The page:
Understanding therapist titles: What is a psychologist?

by Sarah Graham
Thursday 13 November 2014
419 6674

When you're searching for a therapist on rscpp.co.uk, you'll come across various different professional titles. It can be difficult to know what each title means - Do I need a psychologist or a counsellor? A psychotherapist or a psychoanalyst? - so, to clear things up, we asked a number of RSCPP therapists to explain what their title means and what you can expect from that type of therapist.

So what is a psychologist? Registered Counselling Psychologist Nadia Al-Khudhairy explains:

Psychology is the science of the human mind and behaviour. Psychologists practise that science and are concerned with the thoughts, feelings and motivations that explain our behaviour. They study the factors that influence the way we think, feel and learn, and they often help us to overcome mental and emotional challenges. Psychology is a science and thus it sees itself as a discipline that will continue to grow, pending recent research, which means it is always changing, growing and evolving.

Psychologists practice the science of the human mind and behaviour, and are concerned with the thoughts, feelings and motivations that explain our behaviour.

That is a very general definition of psychology and psychologists, and it is fundamental to most disciplines of the science. But definitions can get very much more complicated when we consider the many fields of psychology that require special training, such as neuro-psychologists, educational psychologists, industrial psychologists, research psychologists, health psychologists, sport psychologists and organisational psychologists. All practitioners have similar basic training at a first degree level, but they will usually go on to attain specialist masters degrees and, sometimes, even more specialist doctorates. Their careers then diverge radically.

 

Psychologists in 'talking therapies'

So to keep things simple, let's assume that you are interested in what have become known as 'talking therapies', the exploration by counselling and clinical psychologists of our underlying mental and emotional states, especially those that negatively influence our happiness, fulfilment, behaviour and interaction with the rest of the world.

Most of us have some understanding of this kind of work, even if we tend to think of the cliché of a patient lying on a couch while someone (usually with a long beard) takes notes about the conversation and ultimately blames the patient's parents. Of course, that amusing stereotype owes much to our perception of the work of Freud, Jung and other early 20th Century pioneers in Psychology. But talking therapies have come a very long way in recent decades, especially with the development of very useful practical and relatively rapid techniques such as Cognitive Behavioural Therapy (CBT). Sigmund Freud may have started it all, but he would hardly recognise the methods of today's counselling and clinical psychologists.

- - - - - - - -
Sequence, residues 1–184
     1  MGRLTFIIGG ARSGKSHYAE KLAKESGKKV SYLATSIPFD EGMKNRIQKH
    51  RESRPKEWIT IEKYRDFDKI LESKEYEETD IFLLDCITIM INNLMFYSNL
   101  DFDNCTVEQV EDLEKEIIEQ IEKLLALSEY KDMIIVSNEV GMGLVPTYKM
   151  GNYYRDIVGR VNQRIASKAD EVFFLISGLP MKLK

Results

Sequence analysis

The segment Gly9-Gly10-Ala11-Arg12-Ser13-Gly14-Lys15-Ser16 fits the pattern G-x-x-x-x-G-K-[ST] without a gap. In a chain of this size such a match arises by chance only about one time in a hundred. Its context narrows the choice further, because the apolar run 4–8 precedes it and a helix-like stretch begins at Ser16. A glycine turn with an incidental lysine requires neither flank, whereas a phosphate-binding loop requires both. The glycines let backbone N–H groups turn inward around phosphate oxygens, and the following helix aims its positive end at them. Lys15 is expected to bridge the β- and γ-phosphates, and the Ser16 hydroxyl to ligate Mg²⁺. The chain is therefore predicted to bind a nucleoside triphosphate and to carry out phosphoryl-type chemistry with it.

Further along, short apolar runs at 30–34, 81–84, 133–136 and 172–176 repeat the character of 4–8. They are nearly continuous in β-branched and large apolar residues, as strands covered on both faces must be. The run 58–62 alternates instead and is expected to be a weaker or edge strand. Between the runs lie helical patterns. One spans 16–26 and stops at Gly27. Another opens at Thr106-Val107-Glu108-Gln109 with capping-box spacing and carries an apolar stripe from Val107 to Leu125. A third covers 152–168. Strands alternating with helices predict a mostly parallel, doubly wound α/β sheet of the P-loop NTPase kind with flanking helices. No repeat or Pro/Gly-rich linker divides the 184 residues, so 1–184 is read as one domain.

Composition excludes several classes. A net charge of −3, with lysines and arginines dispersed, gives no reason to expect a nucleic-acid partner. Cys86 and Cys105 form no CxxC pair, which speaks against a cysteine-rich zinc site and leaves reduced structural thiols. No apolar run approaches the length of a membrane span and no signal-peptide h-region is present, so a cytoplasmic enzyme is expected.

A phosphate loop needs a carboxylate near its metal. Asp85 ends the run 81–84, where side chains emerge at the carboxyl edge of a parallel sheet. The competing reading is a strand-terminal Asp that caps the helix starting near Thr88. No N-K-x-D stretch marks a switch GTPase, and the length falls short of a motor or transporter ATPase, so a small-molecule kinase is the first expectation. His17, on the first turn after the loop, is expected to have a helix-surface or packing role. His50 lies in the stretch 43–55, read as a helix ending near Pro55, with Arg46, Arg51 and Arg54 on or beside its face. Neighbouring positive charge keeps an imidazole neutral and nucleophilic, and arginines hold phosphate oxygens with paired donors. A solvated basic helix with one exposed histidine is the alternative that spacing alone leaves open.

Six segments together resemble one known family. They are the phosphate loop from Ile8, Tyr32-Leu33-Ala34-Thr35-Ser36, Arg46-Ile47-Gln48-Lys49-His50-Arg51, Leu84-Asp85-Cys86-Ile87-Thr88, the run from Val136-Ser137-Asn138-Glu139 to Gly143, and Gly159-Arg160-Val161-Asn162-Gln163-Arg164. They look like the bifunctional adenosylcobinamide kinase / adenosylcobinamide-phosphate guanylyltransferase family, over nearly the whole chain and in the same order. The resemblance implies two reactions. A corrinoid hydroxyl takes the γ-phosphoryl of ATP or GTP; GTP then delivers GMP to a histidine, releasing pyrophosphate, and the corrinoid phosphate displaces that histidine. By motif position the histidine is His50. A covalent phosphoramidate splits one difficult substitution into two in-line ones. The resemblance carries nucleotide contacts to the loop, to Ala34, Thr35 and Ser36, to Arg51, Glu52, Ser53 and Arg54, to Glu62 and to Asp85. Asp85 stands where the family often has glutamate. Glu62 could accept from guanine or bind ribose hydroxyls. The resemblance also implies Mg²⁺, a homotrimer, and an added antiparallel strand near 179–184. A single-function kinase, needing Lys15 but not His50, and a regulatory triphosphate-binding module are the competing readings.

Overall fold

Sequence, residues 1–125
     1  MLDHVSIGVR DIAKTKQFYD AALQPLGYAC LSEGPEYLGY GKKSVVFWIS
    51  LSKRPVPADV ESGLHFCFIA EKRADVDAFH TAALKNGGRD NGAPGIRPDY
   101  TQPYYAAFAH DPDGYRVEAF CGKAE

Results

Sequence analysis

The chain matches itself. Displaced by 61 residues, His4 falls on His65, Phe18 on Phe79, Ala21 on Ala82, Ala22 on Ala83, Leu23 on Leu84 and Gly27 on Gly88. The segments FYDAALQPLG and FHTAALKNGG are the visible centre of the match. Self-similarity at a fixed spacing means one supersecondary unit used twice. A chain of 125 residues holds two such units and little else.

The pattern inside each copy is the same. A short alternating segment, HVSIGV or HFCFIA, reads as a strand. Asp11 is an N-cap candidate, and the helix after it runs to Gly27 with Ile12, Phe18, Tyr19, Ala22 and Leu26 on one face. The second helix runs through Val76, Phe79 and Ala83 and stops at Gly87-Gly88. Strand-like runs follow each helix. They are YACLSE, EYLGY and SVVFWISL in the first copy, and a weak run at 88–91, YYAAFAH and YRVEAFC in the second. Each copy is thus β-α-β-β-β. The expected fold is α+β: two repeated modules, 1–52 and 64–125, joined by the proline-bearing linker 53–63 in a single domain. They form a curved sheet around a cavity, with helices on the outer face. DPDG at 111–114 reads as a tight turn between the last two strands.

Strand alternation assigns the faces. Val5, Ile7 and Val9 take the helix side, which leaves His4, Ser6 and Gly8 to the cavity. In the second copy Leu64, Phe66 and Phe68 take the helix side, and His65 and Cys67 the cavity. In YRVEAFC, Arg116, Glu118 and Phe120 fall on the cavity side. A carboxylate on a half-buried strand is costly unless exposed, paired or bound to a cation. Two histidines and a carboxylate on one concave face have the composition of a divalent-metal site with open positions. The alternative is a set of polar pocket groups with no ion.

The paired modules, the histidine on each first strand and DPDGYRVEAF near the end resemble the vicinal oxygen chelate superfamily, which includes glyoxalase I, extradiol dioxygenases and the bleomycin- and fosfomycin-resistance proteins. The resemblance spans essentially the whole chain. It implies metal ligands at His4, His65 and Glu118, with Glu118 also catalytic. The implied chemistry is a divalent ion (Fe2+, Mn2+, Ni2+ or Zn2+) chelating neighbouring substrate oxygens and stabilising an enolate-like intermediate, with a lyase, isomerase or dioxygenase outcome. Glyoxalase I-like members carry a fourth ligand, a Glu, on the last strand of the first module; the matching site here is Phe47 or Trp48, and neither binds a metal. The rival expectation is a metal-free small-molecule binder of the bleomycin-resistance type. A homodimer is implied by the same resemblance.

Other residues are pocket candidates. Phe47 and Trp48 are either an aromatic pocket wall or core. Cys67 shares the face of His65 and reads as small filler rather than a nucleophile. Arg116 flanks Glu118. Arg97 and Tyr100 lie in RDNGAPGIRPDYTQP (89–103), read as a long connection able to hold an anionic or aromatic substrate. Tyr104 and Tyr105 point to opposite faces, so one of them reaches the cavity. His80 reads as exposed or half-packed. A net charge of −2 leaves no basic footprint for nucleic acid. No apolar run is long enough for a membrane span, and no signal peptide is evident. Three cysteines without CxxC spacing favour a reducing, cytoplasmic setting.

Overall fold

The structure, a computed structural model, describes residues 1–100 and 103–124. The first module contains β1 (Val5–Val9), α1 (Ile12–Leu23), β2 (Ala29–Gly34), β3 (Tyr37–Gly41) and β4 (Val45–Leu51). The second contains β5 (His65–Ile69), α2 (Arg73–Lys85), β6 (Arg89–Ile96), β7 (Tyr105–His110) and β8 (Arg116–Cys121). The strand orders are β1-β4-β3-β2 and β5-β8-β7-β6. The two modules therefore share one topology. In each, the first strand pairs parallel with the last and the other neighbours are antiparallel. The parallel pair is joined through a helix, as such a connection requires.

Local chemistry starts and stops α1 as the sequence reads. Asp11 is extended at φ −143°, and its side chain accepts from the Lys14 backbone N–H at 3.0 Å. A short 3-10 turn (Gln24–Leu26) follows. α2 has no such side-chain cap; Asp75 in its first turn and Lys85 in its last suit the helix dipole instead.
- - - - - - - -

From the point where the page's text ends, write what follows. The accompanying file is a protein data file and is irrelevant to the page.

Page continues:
Counselling and clinical psychologists develop their knowledge through research and continuous professional development.

Both counselling and clinical psychologists work in similar ways and in similar settings. They develop their knowledge through research and continuous professional development, which helps them to integrate emerging research into their practices. They can work with adults, couples, groups and children. Both are scientists, and inform their practice by looking to the latest research. The distinction between them is, therefore, small. But it is worth considering the practices that make them different.

 

Counselling psychologists

Counselling psychologists generally work with healthier individuals, giving primary care. They are highly trained in the practice of psychotherapy or counselling and are usually trained in at least two therapeutic models, for example psychodynamic therapy, Cognitive Behavioural Therapy (CBT), systemic therapy, cognitive analytic, solution focused therapy, or person centred therapy. 

Counselling psychologists are trained to focus on helping people cope with current circumstances and to address long-standing problems, which might be depressionanxiety, phobias, Obsessive Compulsive Disorder (OCD), Post Traumatic Stress Disorder (PTSD), addiction, bereavementrelationship problems and eating disorders, such as anorexia and bulimia.

 

Clinical psychologists

Clinical psychologists, on the other hand, often focus on individuals with more serious mental health issues, such as psychosis - the kind of mental illness that often means individuals' perception of their world, and their behaviour in it,
differs radically from that of healthy individuals.

Like counselling psychologists, they aim to reduce psychological distress and to enhance and promote psychological well-being. To assess clients, they use a variety of methods, including psychometric tests, interview and observation.

A fundamental skill for psychologists is the ability to question intelligently, listen carefully and compassionately without judging.

But the two disciplines have more in common than they have differences. A fundamental skill for both is the ability to apply talking therapy. They question intelligently, listen carefully and compassionately without judging. They draw on a large body of theory and methods to help their clients discover strategies to cope with their problems and attain happier, more fulfilling lives.

All psychologists follow a professional body's confidentiality guidelines and code of ethics.


Finding support


If you are concerned about the issues raised in this article then you may like to read about finding the right therapist for you. If this route is not appropriate for you, your GP can assess you and direct you towards support.

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Updated 07 January 2015